In the beginning we didn’t really consider how a product would be packaged or shipped, and didn’t know how to figure out what that object would really cost to make. Since starting our business, we’ve learned that good design means more than just ending up with a cool product on the shelf. Good design incorporates a well-designed system that takes it from the manufacturer, to the store, to the customer. Everybody that touches it along the way needs to be happy.
Do you find it difficult balancing commercial awareness with your own inspiration?
Branko Lukic: The harder the challenge, the more exciting it becomes for me. It’s about the dialog between someone for whom I’m designing and me in order to truly understand what we are trying to accomplish. I have no struggle balancing commercial and inspirational aspects. It is a lifelong journey fun. : )
Brandon Perhacs: It seems that this very question of balance is a question almost as old as design itself. I do think that balancing commercial awareness with inspiration is one of the most challenging things for any artist or designer. With most every object I create I find myself straddling the line between pure creativity and what the market demands, with varied results. I do think it’s possible, and definitely favorable, to be true to your inspiration, while at the same time being commercially successful. That, I think, is what creative people constantly strive to achieve, because that then means that the artist/designer has been successful in translating their poetry into a language that all can understand.
Liz Kinnmark & Kegan Fisher: Not really. Our job is to design objects that are meaningful to other people. Our inspiration will always be there – we would never produce something that doesn’t inspire us – but we enjoy the challenge of creating things that also inspire others. When a product is commercially successful, it’s a sign that people are enjoying it as much as we do. Every time we hear from someone how much they like one of our products that they own, it’s incredibly inspiring!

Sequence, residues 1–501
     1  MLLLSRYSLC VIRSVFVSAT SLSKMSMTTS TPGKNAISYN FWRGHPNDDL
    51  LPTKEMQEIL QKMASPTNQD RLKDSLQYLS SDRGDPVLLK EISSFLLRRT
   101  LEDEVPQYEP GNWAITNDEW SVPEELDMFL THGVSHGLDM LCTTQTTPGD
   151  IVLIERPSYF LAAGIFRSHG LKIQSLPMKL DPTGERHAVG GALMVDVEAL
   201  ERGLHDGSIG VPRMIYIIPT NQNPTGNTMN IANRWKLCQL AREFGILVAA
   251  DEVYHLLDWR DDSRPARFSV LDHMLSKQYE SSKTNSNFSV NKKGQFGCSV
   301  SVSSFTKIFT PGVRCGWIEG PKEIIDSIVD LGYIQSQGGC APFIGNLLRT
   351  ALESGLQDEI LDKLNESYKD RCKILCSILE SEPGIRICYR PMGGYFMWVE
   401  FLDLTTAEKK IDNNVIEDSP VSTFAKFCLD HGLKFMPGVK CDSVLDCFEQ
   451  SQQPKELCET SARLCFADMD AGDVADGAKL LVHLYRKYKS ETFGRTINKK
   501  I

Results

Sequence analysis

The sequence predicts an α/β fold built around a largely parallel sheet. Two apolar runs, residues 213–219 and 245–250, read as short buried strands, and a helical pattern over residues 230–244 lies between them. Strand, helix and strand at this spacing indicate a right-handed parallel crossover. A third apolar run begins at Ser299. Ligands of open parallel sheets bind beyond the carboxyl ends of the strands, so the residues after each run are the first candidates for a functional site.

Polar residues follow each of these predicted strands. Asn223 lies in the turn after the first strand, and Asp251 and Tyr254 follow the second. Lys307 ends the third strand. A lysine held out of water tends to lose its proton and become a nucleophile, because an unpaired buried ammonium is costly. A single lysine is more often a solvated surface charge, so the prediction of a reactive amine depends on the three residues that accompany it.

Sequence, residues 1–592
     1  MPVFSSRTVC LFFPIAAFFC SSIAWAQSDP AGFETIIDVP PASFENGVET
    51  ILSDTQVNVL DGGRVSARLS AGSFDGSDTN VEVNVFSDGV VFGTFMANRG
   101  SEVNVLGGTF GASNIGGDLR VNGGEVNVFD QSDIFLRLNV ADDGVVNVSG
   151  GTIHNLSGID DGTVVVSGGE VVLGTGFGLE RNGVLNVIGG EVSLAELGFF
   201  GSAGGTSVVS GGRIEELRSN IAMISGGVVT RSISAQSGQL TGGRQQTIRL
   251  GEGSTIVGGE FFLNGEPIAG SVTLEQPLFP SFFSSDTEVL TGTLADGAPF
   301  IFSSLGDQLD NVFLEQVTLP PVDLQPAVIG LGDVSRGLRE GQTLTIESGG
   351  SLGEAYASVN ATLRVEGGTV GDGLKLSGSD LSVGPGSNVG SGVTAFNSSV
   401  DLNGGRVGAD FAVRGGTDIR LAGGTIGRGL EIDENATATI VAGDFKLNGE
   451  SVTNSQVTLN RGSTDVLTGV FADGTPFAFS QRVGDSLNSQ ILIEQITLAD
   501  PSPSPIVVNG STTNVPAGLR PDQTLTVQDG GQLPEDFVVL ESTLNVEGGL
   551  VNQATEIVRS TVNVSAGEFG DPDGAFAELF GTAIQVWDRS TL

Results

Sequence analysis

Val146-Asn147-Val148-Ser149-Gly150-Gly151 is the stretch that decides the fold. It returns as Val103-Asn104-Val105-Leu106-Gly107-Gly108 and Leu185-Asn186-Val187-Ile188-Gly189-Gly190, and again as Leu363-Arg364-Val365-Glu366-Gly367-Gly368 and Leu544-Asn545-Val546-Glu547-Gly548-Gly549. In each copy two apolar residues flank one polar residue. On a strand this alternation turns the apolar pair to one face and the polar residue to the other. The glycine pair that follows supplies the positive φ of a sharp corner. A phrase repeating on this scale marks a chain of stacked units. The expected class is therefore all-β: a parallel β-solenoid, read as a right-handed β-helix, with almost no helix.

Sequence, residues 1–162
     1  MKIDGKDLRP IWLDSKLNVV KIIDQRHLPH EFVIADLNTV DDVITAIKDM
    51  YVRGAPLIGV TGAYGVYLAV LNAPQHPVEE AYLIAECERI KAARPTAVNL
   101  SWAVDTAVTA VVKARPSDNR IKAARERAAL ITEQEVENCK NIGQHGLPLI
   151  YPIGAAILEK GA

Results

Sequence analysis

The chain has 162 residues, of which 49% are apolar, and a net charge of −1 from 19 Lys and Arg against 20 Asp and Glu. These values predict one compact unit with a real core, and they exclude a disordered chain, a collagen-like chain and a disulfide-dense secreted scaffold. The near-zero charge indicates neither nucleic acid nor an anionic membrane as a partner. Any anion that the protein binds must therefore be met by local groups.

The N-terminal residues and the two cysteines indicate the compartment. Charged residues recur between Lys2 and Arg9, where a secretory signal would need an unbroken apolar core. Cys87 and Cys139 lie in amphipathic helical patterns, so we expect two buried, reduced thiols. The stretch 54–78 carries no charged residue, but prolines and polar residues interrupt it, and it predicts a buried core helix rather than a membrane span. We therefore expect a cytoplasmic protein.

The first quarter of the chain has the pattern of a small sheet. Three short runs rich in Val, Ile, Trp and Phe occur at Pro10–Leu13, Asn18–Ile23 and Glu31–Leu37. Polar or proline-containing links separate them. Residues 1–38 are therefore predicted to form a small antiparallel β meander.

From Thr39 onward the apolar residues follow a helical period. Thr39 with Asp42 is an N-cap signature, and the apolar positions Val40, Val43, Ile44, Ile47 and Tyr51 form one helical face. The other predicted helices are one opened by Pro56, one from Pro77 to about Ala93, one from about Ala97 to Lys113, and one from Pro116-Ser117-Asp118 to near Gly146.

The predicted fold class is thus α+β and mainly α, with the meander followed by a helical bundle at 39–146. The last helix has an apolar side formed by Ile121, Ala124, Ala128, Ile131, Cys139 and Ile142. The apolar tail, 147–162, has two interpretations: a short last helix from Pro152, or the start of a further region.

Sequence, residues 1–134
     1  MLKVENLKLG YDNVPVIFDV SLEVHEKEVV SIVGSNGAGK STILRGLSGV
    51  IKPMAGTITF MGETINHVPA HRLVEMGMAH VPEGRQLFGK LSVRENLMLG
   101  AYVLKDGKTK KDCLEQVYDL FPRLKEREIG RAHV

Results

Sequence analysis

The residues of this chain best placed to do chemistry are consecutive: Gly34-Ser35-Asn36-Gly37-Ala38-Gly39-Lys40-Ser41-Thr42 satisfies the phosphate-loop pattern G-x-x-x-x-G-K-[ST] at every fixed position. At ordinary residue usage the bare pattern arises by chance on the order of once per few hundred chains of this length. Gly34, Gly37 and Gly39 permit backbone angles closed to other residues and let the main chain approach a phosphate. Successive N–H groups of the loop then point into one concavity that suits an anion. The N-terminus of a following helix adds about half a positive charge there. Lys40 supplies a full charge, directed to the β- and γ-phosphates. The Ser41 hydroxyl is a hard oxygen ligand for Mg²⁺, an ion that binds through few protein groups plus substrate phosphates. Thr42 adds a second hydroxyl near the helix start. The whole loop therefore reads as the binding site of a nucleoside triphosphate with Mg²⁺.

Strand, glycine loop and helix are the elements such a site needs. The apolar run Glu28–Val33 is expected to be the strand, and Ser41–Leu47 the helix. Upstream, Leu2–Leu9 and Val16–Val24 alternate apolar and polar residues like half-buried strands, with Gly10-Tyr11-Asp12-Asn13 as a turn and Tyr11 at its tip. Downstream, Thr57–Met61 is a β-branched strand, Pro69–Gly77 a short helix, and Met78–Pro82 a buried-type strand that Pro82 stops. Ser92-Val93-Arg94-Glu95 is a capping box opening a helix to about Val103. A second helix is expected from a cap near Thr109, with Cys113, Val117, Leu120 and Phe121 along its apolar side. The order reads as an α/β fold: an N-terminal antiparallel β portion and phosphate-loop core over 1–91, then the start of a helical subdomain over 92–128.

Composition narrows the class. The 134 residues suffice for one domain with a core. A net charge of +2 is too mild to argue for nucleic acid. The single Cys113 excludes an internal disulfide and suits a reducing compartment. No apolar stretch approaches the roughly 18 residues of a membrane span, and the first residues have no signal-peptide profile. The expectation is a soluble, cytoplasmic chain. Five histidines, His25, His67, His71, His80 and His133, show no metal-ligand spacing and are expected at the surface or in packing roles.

Summarize in three words your work ethos?
Branko Lukic: 1) birdsong as soon as I awaken; 2) kid, are you ready to have fun; 3) spaghetti sauce and parmigiano
Brandon Perhacs: Truth, beauty, simplicity.
Liz Kinnmark & Kegan Fisher: Just keep going.
Do you feel beautiful objects in the home can be continually inspiring or do they lose a sense of being precious the more they’re used?
Branko Lukic: It is bi-directional, it is spiritual – the objects we should design have to be deeper, true, relevant, poetic and possibly mysterious – somewhat undefined. Objects in the home have to be home to your emotions, your senses, your mind…
Brandon Perhacs: I definitely think beautiful objects in the home can be continually inspiring. In fact, I think that’s one of the hallmarks of good design. If you buy an object, you do so because you relate to that object in some way. Now, your relationship to that object may very well be a superficial one, one based solely on a current fad or maybe because you think it will make you more accepted in the eyes of others. In which case the object will most definitely lose a sense of being precious. But if that object is well designed and honest in its use of materials, there then is a deeper relationship, one that truly resonates within you in some way, bettering your life day to day. And if this is the case, I think that any wear that occurs with use or age then makes that object even more precious than it was to begin with.
Liz Kinnmark & Kegan Fisher: We don’t think that beautiful objects need to feel precious. The things you use every day are probably not the most precious things you own, in a conventional sense, but in many ways they’re the ones you’re most attached to. When they work well, and are beautiful, they’re the things that make you the happiest.